2Learning ObjectivesDescribe what management is, why management is important, what managers do, and how managers utilize organizational resources efficiently and effectively to achieve organizational goalsDistinguish among planning, organizing, leading, and controlling (the four principal managerial tasks), and explain how managers’ ability to handle each one affects organizational performanceDifferentiate among three levels of management, and understand the tasks and responsibilities of managers at different levels in the organizational hierarchy
3Learning ObjectivesDistinguish between three kinds of managerial skill, and explain why managers are divided into different departments to perform their tasks more efficiently and effectively.Discuss some major changes in management practices today that have occurred as a result of globalization and the use of advanced information technology (IT).Discuss the principal challenges managers face in today’s increasingly competitive global environment
4What is Management? All managers work in organizations Organizations collections of people who work together and coordinate their actions to achieve a wide variety of goals or desired future outcomes
5What is Management? Managers The people responsible for supervising the use of an organization’s resources to meet its goals
6What is Management? Management The planning, organizing, leading, and controlling of human and other resources to achieve organizational goals effectively and efficiently
7What is Management? Resources include people, skills, know-how and experience, machinery, raw materials, computers and IT, patents, financial capital, and loyal customers and employees
8Organizational Performance A measure of how efficiently and effectively managers use available resources to satisfy customers and achieve organizational goals
9Organizational Performance EfficiencyA measure of how well or how productively resources are used to achieve a goalEffectivenessA measure of the appropriateness of the goals an organization is pursuing and the degree to which they are achieved.
10Efficiency, Effectiveness, and Performance in an Organization efficiency measures how well or how productively resources are used.effectiveness measures the appropriateness of the goals chosen by a manager.Figure 1.1, page 7
11Why Study Management?The more efficient and effective use of scarce resources that organizations make of those resources, the greater the relative well-being and prosperity of people in that society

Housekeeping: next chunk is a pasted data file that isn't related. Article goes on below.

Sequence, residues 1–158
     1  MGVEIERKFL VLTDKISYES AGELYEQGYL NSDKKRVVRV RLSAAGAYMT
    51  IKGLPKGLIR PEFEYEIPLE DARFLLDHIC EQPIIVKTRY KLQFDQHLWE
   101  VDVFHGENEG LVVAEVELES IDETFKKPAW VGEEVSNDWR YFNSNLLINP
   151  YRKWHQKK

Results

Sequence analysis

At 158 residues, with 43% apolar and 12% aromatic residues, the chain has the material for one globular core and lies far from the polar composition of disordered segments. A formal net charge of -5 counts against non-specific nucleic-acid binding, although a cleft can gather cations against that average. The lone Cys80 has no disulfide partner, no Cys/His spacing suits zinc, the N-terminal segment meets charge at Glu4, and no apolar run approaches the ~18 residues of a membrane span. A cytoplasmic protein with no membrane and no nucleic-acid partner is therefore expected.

12Why Study Management?Helps people deal with their bosses and coworkersOpens a path to a well-paying job and a satisfying careerStudents of management have the potential to compete successfully for interesting and well paying jobs.As managerial responsibility increases and people move up the organization hierarchy, salaries grow with responsibility.Salaries paid to top managers and CEOs are often quite large.
14Steps in the Planning Process Deciding which goals the organization will pursueDeciding what courses of action to adopt to attain those goalsDeciding how to allocate organizational resourcesPlanning is the process managers’ use for identifying and electing appropriate goals and actions for the organization.The strategies determined during planning determine the effectiveness and efficiency of an organization.
15OrganizingInvolves grouping people into departments according to the kinds of job-specific tasks they performManagers lay out lines of authority and responsibilityDecide how best to organize resources, particularly human resourcesOrganizing is the task of structuring working relationships in a way that allows organizational members to work together (effectively and efficiently) to achieve organizational goals.
16Organizing Organizational structure A formal system of task and reporting relationships that coordinates and motivates members so that they work together to achieve organizational goals
17LeadingLeadership involves using power, personality, and influence, persuasion, and communication skillsIt revolves around encouraging all employees to perform at a high levelOutcome of leadership is highly motivated and committed workforceLeading is the articulation of a clear organizational vision for the organization’s members to accomplish through the energizing and enabling of employees to understand what part he/she will play in achieving the goal.An organization’s vision is a short succinct and inspiring statement of what the organization intends to become.Successful leadership requires managers to utilize their personal qualities, specifically: Power, Personality, Influence, Persuasion, and Communication.